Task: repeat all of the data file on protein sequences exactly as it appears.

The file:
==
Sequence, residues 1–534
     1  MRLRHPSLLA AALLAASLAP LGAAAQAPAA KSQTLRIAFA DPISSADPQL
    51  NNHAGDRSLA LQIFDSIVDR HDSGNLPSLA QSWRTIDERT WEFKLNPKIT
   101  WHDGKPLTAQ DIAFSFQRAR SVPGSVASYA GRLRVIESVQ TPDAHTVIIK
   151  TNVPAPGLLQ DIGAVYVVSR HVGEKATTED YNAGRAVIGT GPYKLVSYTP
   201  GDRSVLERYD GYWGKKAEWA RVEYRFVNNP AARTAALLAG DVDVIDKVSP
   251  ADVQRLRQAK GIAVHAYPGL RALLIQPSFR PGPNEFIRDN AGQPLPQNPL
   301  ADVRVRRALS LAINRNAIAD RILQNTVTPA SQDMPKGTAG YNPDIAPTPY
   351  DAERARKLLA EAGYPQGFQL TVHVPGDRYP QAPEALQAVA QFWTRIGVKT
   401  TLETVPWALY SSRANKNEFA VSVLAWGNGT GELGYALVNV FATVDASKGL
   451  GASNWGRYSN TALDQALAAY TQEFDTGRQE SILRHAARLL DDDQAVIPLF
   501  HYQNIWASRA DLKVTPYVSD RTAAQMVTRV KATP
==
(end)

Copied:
Sequence, residues 1–534
     1  MRLRHPSLLA AALLAASLAP LGAAAQAPAA KSQTLRIAFA DPISSADPQL
    51  NNHAGDRSLA LQIFDSIVDR HDSGNLPSLA QSWRTIDERT WEFKLNPKIT
   101  WHDGKPLTAQ DIAFSFQRAR SVPGSVASYA GRLRVIESVQ TPDAHTVIIK
   151  TNVPAPGLLQ DIGAVYVVSR HVGEKATTED YNAGRAVIGT GPYKLVSYTP
   201  GDRSVLERYD GYWGKKAEWA RVEYRFVNNP AARTAALLAG DVDVIDKVSP
   251  ADVQRLRQAK GIAVHAYPGL RALLIQPSFR PGPNEFIRDN AGQPLPQNPL
   301  ADVRVRRALS LAINRNAIAD RILQNTVTPA SQDMPKGTAG YNPDIAPTPY
   351  DAERARKLLA EAGYPQGFQL TVHVPGDRYP QAPEALQAVA QFWTRIGVKT
   401  TLETVPWALY SSRANKNEFA VSVLAWGNGT GELGYALVNV FATVDASKGL
   451  GASNWGRYSN TALDQALAAY TQEFDTGRQE SILRHAARLL DDDQAVIPLF
   501  HYQNIWASRA DLKVTPYVSD RTAAQMVTRV KATP